NAECA (National Appliance Energy Conservation Act ) 1987

Last updated: 5 November 2017
The National Appliance Energy Conservation Act of 1987 (NAECA; Pub.L. 100–12, 101 Stat. 103, enacted March 17, 1987) is a United States Act of Congress that regulates energy consumption of specific household appliances. Though minimum Energy Efficiency Standards were first established by the United States Congress in Part B of Title III of the Energy Policy and Conservation Act (EPCA), those standards were then amended by the National Appliance Energy Conservation Act of 1987, the Energy Policy Act of 1992 and the Energy Policy Act of 2005.[1] All of these laws and regulations have to do with creating mandatory standards that deal with the energy efficiency of certain household appliances. These standards were put in place to ensure that manufacturers were building products that are at the maximum energy efficiency levels are that are technically feasible and economically justified.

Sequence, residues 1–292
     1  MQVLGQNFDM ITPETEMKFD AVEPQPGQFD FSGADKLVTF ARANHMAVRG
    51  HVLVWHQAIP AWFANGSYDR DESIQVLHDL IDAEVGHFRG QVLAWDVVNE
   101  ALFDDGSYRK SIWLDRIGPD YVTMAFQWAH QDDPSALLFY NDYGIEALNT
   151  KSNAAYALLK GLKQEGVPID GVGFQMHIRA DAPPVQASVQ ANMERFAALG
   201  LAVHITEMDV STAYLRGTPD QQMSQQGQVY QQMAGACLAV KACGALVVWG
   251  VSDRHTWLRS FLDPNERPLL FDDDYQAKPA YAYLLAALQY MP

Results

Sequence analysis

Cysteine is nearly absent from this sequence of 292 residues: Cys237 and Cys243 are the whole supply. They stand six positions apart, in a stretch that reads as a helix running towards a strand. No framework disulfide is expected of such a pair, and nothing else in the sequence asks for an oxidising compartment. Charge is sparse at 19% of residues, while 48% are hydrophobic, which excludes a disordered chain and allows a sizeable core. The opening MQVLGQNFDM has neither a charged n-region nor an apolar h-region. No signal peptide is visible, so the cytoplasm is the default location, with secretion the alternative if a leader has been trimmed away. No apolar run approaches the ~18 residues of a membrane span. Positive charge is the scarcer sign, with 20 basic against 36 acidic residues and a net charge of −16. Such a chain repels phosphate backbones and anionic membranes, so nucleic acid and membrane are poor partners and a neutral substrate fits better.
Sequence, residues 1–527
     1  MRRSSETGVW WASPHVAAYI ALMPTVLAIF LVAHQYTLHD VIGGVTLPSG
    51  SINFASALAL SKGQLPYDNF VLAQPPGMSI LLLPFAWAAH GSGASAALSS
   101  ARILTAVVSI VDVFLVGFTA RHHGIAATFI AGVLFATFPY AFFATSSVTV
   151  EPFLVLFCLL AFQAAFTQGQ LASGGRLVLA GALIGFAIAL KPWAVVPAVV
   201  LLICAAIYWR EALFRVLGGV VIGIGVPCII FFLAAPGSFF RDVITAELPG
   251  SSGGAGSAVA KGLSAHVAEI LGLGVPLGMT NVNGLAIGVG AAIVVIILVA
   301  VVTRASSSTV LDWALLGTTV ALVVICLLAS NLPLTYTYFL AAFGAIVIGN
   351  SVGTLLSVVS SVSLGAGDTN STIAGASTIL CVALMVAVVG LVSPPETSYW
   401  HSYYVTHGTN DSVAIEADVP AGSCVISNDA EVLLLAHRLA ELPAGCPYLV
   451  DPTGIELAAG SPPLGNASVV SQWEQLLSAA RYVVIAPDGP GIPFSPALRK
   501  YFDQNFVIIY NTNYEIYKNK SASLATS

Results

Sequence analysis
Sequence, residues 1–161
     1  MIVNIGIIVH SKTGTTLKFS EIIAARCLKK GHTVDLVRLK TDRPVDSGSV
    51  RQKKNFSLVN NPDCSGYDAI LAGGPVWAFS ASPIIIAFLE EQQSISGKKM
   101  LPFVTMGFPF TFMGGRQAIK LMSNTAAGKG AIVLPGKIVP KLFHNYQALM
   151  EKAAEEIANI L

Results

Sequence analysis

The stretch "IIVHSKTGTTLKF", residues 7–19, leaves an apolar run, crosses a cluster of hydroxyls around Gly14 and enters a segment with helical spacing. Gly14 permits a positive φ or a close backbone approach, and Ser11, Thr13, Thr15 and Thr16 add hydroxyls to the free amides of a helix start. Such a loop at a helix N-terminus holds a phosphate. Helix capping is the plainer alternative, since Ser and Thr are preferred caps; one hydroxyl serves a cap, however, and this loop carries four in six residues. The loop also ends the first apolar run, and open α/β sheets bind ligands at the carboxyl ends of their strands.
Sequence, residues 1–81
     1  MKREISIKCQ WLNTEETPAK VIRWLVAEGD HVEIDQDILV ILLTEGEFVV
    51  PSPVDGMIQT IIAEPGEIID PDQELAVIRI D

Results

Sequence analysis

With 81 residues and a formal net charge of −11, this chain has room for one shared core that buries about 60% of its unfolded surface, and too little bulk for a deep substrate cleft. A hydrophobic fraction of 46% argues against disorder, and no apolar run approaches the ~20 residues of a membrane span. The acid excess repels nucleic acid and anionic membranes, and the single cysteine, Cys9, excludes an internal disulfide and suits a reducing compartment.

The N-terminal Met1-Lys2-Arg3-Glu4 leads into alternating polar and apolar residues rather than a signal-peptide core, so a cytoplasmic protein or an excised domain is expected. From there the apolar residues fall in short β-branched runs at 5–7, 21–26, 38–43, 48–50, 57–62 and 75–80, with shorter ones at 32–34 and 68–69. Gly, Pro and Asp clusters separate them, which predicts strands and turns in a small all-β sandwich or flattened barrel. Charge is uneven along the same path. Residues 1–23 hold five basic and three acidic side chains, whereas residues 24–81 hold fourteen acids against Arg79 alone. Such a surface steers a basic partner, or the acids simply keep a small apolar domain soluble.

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End uses covered
  • Building end-uses
  • Building systems
  • Space cooling
  • Appliances
  • Refrigeration
  • Cooking
  • Clothes washing
  • Plug loads